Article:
- International Monetary Fund
- Published Date:
- December 1995
Three principal developments in recent official financing for developing countries have been the agreement in december 1994—and subsequent implementation in selected cases—of naples terms for low-income countries by paris club creditors, the increasing focus on the issue of multilateral debt, and the support provided by official creditors in early 1995 to mexico.1 in addition to a review of developments in official financing for developing countries, this report attempts to provide an assessment of the effects of stock-of-debt operations on naples terms on the debt situation of the low-income rescheduling countries. In so doing, the report takes a preliminary look at the extent to which stock-of-debt operations on naples terms by paris club creditors, assuming comparable treatment by other official bilateral and private creditors, will produce a sustainable overall external debt position for these countries.
This report is organized as follows: section ii sum-marizes recent developments in official bilateral flows, export credits, multilateral flows, external debt and debt service, and reschedulings by paris club creditors. Section iii examines external debt-sustainability issues for heavily indebted poor countries; it looks at the impact of hypothetical stock-of-debt operations on naples terms by paris club creditors on debt service in 1995 for 27 low-income rescheduling countries, and on debt service and external financing over 20 years for 14 of these countries. Sections iv through vii provide more detailed background information on official bilateral flows, export credits, multilateral flows, external debt and debt service, and bilateral reschedulings by official creditors.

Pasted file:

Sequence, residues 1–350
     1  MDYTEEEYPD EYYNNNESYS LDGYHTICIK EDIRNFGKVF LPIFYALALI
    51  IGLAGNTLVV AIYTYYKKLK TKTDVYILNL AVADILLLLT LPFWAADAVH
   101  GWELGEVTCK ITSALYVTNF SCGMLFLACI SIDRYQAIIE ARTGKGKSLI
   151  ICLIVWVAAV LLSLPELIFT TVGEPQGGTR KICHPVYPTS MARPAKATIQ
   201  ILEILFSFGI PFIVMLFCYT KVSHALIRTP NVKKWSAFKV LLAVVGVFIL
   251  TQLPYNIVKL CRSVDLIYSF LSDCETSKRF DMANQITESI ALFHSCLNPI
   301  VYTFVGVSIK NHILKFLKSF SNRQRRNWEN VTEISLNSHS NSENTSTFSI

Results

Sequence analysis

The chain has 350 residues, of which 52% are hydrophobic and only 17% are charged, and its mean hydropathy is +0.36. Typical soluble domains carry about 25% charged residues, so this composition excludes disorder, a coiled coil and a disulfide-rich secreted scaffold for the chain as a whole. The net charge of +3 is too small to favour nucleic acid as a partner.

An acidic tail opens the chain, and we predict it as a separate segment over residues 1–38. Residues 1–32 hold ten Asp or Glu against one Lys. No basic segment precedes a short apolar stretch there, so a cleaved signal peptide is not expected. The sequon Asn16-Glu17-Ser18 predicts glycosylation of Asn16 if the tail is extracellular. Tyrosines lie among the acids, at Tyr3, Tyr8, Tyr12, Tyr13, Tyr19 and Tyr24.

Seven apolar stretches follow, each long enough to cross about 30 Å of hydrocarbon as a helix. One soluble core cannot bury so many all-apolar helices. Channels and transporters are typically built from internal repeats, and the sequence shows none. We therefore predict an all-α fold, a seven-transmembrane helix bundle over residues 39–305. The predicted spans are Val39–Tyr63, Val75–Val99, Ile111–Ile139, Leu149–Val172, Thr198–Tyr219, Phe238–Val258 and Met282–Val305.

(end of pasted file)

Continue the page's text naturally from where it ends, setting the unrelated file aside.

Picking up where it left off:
This support is not reflected in the data used in this report as it occurred after the end of 1994. The implications of the Mexican crisis for private flows to developing countries are discussed in private market financing for developing countries, world economic and financial surveys (washington: international monetary fund, november 1995).